In celebration of International Women’s Day, Clare Bowditch has released the video to her new single Woman and penned a letter to her 15-year-old self for theMusic.com.au.
“Forgive me if this sounds ridiculous, but I still can’t watch the Woman film clip without crying," Bowditch said of the video.
"It’s gratitude, I think. Lucy Knox is a deeply gifted film-maker and her rendering of the story of the song is absolutely spot on. Here we are, all ages, nationalities, shapes and sizes, standing up, showing the world we are not here to play small. We are not here to please. This is just us. No apology needed.
"The courage and joy and ambition and defiance in the faces of these women fills my chest so big and so warm, and I think that’s where the tears come from.“
Bowditch will be taking the tune on the road this May, playing shows in Melbourne, Newcastle, Sydney and Brisbane. Scroll down to theGuide for a look at all the dates and read the letter below.
Dear 15-year-old Clare,
Hello! This is me, your wiser self speaking.
Yes, as suspected, I do exist. I do! Always did! And yes, I do realise this is an obvious statement to make, given the exercise, but I want to state it right here up front - because I seem to recall that when you were 15, the loudest voice in your head was not me, your wiser self.
The loudest voice in your head at the time was, rather painfully, the voice that told you that in order to find your place in the world, in order to fit in, you were going to need to pretend, and keep pretending, to be someone you are not.
You thought that by minimising yourself, and not standing out from the crowd, your dreams of making your living as a singer would somehow… be more likely.
You have a brain that tells you constantly that the only thing that matters is survival, survival, survival. You must fit in with the tribe, you must fit in the rules, you must, for fuck’s sake, fit.
Just to be clear, yes, one of the things that I’m talking about here is your body, and it’s size, and how it feels “too big” all the time.
But I am also talking about your songs, and how they don’t sound like other people’s songs, and how you think that means there’s something wrong with you.
You have always known you were born to sing and tell stories, because that is what you have always done.
Yet you tell yourself constantly that you need, somehow, to be less complicated, with less feelings, and less pain, and cleaner edges.
Darling – that’s just not you.
The main thing standing in the way of you and your calling is your head, and the way it’s sponged up all those messages from all the examples that society gives you, the ones about how being different is somehow bad.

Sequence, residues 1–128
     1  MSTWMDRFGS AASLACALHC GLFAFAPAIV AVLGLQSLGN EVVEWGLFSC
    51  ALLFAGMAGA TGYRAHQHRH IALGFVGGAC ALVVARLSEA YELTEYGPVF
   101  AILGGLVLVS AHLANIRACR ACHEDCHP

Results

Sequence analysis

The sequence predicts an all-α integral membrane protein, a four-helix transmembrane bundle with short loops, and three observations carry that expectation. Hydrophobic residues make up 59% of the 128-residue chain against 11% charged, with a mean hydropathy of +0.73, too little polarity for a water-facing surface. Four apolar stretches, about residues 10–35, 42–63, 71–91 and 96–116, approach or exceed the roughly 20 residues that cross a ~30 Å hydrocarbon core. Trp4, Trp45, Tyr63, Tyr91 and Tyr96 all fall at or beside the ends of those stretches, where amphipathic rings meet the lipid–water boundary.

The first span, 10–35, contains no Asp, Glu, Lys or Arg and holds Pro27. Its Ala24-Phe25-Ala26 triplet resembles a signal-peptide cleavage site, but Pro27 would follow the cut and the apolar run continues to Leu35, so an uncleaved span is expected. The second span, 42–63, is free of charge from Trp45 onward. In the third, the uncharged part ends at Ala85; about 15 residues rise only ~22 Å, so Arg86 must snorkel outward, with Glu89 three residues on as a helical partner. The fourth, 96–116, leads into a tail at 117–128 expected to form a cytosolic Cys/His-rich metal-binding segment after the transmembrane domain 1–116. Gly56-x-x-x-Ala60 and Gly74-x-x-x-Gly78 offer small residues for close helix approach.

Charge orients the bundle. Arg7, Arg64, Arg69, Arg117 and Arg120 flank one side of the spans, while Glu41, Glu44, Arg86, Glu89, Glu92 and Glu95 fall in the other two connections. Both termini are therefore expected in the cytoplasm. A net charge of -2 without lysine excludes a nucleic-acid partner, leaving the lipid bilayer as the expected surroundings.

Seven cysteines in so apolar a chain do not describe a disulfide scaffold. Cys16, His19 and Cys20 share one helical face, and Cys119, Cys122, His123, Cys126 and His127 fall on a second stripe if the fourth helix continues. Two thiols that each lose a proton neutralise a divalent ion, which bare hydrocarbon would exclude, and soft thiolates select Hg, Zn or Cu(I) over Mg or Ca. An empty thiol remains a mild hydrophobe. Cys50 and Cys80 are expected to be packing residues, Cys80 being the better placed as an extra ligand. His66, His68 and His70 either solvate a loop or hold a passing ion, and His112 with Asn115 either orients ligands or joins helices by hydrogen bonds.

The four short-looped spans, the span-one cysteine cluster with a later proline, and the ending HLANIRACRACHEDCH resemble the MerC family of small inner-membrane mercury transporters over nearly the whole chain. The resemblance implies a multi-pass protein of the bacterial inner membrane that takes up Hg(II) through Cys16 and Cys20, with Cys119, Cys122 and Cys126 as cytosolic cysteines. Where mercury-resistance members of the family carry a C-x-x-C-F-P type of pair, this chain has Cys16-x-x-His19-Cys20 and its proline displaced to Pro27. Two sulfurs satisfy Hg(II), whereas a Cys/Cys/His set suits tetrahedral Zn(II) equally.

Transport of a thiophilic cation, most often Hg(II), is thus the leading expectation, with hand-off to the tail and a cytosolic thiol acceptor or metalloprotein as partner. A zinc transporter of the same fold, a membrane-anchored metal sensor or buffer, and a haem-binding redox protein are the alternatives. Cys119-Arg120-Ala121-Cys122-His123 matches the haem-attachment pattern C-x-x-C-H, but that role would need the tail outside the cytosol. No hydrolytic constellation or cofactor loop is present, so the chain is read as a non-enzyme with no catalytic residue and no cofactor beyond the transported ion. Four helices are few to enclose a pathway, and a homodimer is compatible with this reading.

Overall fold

Listen – it is not your fault you feel this way. It is not an indication you did something wrong.
This here moment, the one that feels like shit – this shit feeling is an indication, you’re on to something.
You’ve sensed something that just isn’t right, that lots of people feel isn’t right, and you’re working up the courage to “call it”.
You will call it, too. No bones about it. Your songs – that’s where you’ll do it.
You feel them bubbling up inside you, so you sing them secretly in your bedroom when you think no one is home. But they are calling to be sung on a bigger stage.
Listen to that.
When you look around at all the women you admire, all the strangers who are famous and on TV and on billboards, and you don’t see yourself anywhere, or hear your kind of song on the radio, there is a part of you that thinks that you must have done something wrong.
But it’s just not true.
The real rub is, it’s about time you begin singing your songs, out loud, for all the world to hear.
It’s about time you start talking back to that voice which tells you that the best way to be yourself is to be small, and likeable.
Fuck that, little girl. Fuck. That.
Don’t waste another minute trying to fit in, or get thin, or be “enough”, just so the voice in your head – the survival voice – will go quiet.
The way to make it to go quiet is to keep stepping out into the world and working it out in public in the same way we all work it out in public.
Take care of yourself, and your gifts, and keep counting yourself in, and you will see: this quiet internal work you’re doing right now will one day be a thing in the world that other people get to sing and share with you.
You have stories to tell, examples to set, songs to sing, pleasure to feel.
Off you go then!
Sooki Lounge, Belgrave
Corner Hotel, Richmond
Lizottes Newcastle, Lambton
Factory Theatre, Marrickville
Brisbane Powerhouse, New Farm